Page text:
I feel pretty confident that Apple will never have an ‘App Store’ for the Apple TV the way we think of it. I could see them releasing an SDK, but it be hugely restricted and the submission process will be totally different – it will be much more ‘partner based’ the way the Xbox has an SDK for media apps, not the way we think of as apps for iOS devices.

    The real story with Apps on the Apple TV is already in our hands – AirPlay Mirroring. With Mirroring, the Apple TV already has apps – WatchESPN, SketchParty TV, Real Racing 2, every app that has been designed to offer a 2-screen experience on iOS via Mirroring is already an Apple TV app. The only problem is A: interface clunkiness in figuring this out in the first place and B: making the average iOS consumer aware that this is even possible.

    I think Apple is trojan-horsing the TV apps play pretty hard. I think they’re letting great developers that ‘get it’ connect with savvy consumers that also ‘get it’ for an elaborate public beta test. When they’re ready, Apple will re-invent the way iOS devices and Apple TVs talk to each other, Mirroring will become an unavoidably obvious feature, and there will be a marketing push. At this point developers will really start to pile on, and it’ll be off to the races.

    This makes sense in so many ways, but first and foremost it makes sense because any sort of interaction you want to make with an Apple TV beyond ‘left right up down select’ needs an iOS device in order to not be frustrating anyway. So why release dedicated Apple TV apps that are either simple to the point of boring, or require iOS device companions anyway? They’re better off extending iOS to the TV than they are trying to just extend the TV by itself in a vacuum. And again, they’re already doing it. They’ve been doing it for months.

    What do you think, Jim?

  • http://twitter.com/BillPfohl BillPfohl

    No doubt Apple will have to partner with networks for content. Despite the innovative hardware my guess is this will cause a major disruption to the affiliate network and could be the death of local TV.

    • Space Gorilla

      Or the opposite when it becomes a very low barrier to entry re: local programming. Depends on the model of course, but this could be great for local TV.

      • http://twitter.com/BillPfohl BillPfohl

        I hope so. The percentage of local programing on TV has been taking a nose dive since deregulation. It would be wonderful if this innovation would revitalize it.

  • dtj

    The AppleTV (and actual TV) will have an app store because that paves the way to disrupting console gaming, which is in an ugly spot right now, and consequently ripe for disruption. Throw in some additional more traditional computer apps… Think Omnifocus given the same loving touches for a TV experience that it was given for the ipad. And thats just a start.

  • http://twitter.com/Kosmatos Odi Kosmatos

    Remember when Steve revealed the iPad? He introduced it by explaining what a tablet would have to be good at. What does an Apple television set have to be good at? Entertainment and information. In the living room and bedroom. What is the living room? It’s a place where one or more people sit on the couch, and expect to be entertained. It’s a place currently burdened with a pile of remotes, set top boxes, cables, receiver, consoles and their controllers. Apple’s job is to free us from this mess and give us a wonderful user experience.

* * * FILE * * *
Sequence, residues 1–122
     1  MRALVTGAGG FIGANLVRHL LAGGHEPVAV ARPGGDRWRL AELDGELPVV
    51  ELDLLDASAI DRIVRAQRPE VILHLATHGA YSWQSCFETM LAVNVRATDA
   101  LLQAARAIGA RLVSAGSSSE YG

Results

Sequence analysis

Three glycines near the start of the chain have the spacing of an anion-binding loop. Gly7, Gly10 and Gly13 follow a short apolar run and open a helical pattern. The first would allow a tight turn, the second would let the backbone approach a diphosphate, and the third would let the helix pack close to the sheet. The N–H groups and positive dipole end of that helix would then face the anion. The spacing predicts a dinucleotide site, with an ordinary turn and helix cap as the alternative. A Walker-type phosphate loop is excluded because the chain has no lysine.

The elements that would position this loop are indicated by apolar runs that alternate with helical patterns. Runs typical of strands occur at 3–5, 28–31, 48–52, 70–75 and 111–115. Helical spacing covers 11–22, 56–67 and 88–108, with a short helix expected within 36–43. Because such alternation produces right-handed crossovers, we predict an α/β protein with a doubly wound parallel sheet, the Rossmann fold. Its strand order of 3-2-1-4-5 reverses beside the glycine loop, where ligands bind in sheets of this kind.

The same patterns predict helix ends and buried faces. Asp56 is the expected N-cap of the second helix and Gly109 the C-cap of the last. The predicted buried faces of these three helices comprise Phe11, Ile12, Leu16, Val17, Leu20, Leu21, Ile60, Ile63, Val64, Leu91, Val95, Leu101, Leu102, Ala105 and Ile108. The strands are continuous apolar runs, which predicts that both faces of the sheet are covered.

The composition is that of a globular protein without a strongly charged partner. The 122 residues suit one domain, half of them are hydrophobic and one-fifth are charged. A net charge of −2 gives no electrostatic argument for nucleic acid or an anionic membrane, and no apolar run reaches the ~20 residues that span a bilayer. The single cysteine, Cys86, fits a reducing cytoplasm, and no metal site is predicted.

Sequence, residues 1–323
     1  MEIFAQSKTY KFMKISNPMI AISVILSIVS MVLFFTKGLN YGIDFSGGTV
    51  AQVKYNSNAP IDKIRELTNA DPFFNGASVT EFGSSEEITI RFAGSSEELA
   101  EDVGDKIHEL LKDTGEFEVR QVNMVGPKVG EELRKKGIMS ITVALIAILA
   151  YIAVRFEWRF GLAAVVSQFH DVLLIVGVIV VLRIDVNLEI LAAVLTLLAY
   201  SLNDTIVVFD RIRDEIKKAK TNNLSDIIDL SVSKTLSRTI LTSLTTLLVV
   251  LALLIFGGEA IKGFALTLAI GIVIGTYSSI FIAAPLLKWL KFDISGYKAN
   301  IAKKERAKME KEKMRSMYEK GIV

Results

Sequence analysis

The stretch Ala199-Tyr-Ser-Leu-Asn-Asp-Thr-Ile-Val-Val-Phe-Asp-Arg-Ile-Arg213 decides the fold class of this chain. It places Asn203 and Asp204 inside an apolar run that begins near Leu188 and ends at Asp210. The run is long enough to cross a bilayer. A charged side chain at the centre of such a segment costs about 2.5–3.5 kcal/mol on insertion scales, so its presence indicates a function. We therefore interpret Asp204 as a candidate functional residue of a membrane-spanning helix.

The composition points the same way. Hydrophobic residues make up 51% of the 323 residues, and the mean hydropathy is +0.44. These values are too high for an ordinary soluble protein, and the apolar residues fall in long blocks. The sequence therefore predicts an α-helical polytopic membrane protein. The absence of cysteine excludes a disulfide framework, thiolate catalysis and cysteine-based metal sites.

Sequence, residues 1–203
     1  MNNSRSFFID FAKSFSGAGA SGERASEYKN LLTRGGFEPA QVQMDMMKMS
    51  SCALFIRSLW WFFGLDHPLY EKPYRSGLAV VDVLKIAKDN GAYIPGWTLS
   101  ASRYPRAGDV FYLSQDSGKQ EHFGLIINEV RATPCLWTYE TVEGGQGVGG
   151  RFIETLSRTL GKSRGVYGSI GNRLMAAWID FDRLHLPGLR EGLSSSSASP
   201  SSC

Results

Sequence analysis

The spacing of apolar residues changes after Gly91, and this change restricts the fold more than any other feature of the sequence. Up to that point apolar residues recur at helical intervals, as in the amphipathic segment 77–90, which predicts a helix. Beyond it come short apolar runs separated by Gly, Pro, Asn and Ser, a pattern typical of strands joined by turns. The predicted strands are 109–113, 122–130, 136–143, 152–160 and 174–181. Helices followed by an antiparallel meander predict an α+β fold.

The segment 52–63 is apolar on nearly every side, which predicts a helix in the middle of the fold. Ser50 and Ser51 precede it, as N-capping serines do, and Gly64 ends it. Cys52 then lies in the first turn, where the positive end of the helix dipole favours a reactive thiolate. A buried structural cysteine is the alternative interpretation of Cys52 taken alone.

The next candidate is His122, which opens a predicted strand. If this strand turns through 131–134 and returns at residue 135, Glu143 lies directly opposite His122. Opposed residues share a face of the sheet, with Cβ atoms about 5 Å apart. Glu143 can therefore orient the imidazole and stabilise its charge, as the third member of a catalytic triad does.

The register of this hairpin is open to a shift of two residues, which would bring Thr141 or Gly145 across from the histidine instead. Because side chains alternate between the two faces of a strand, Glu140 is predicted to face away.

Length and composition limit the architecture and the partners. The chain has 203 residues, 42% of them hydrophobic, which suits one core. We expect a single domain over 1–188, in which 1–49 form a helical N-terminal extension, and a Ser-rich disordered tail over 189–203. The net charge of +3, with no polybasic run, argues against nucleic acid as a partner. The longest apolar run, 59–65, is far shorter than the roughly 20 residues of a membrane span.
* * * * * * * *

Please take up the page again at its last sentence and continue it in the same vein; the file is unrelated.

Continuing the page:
• Space Gorilla

    Apple is already moving into the TV arena and solving problems, in a very sneaky way. The current Apple TV allows my family to watch or interact with content from our iDevices on our flat screen TV. Airplay is huge. Apple needs to develop this into a more robust solution, but they are already on the path. The problem I need solved is how to take content from my various iDevices (including iMac and iTunes) and consume that content on my TV, simply because that is the largest screen in my house. Games like SketchParty TV are only the beginning.

    • http://darcyfitzpatrick.tumblr.com/ Darcy Fitzpatrick

      The snag with Airplay right now is it needs to go through your router to get from your iDevice to your Apple TV. There are so many different routers out there with so many different configurations. My Airplay stutters often enough that it’s annoying, and like most people I don’t know the first thing about router optimization.

      If Apple wants to make Airplay a major component of their TV plans, they’ll need to overcome the hurdle of crappy routers.

      Maybe build an airport express into the TV or box they eventually release? Having your internet connection mainlined into the TV system would help out a lot in the download and streamlining department as well.

      • Space Gorilla

        Exactly. That’s what I mean by ‘more robust’. We also have the stutter and lag problem, but it works well enough 80 percent of the time. Games like Real Racing HD need zero stutter, we’ve tried that one with less success. Next up we’re going to try that Draw It Push It game. It looks good.

        • magnateinteractive

          Thanks for mentioning SketchParty TV (I’m the maker of the game). The stutters and lag were one of the most frustrating parts in developing it, because it’s an even bigger wildcard than TV dimensions. Router configurations are really varied, and there’s generally all sorts of interference. Keeping other network traffic to a minimum helps a lot (and is one of the reasons SketchParty only uses one iPad or iPhone).